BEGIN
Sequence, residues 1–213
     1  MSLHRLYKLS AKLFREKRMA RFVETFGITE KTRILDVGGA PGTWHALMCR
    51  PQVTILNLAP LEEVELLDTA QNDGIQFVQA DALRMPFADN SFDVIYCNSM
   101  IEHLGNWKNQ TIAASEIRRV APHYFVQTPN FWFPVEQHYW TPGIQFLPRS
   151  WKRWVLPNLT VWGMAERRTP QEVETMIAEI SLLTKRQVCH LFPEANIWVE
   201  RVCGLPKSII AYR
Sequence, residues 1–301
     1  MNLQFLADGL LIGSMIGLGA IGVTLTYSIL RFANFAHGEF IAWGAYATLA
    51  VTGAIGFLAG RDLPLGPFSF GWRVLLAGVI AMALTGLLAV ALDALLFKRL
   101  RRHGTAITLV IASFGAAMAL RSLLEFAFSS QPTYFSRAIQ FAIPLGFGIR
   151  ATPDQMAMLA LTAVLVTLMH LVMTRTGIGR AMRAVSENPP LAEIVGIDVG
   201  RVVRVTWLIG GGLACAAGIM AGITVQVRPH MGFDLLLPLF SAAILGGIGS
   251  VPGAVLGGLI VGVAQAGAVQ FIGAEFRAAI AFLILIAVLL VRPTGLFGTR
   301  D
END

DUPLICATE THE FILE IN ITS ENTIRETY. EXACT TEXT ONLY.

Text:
Sequence, residues 1–213
     1  MSLHRLYKLS AKLFREKRMA RFVETFGITE KTRILDVGGA PGTWHALMCR
    51  PQVTILNLAP LEEVELLDTA QNDGIQFVQA DALRMPFADN SFDVIYCNSM
   101  IEHLGNWKNQ TIAASEIRRV APHYFVQTPN FWFPVEQHYW TPGIQFLPRS
   151  WKRWVLPNLT VWGMAERRTP QEVETMIAEI SLLTKRQVCH LFPEANIWVE
   201  RVCGLPKSII AYR
Sequence, residues 1–301
     1  MNLQFLADGL LIGSMIGLGA IGVTLTYSIL RFANFAHGEF IAWGAYATLA
    51  VTGAIGFLAG RDLPLGPFSF GWRVLLAGVI AMALTGLLAV ALDALLFKRL
   101  RRHGTAITLV IASFGAAMAL RSLLEFAFSS QPTYFSRAIQ FAIPLGFGIR
   151  ATPDQMAMLA LTAVLVTLMH LVMTRTGIGR AMRAVSENPP LAEIVGIDVG
   201  RVVRVTWLIG GGLACAAGIM AGITVQVRPH MGFDLLLPLF SAAILGGIGS
   251  VPGAVLGGLI VGVAQAGAVQ FIGAEFRAAI AFLILIAVLL VRPTGLFGTR
   301  D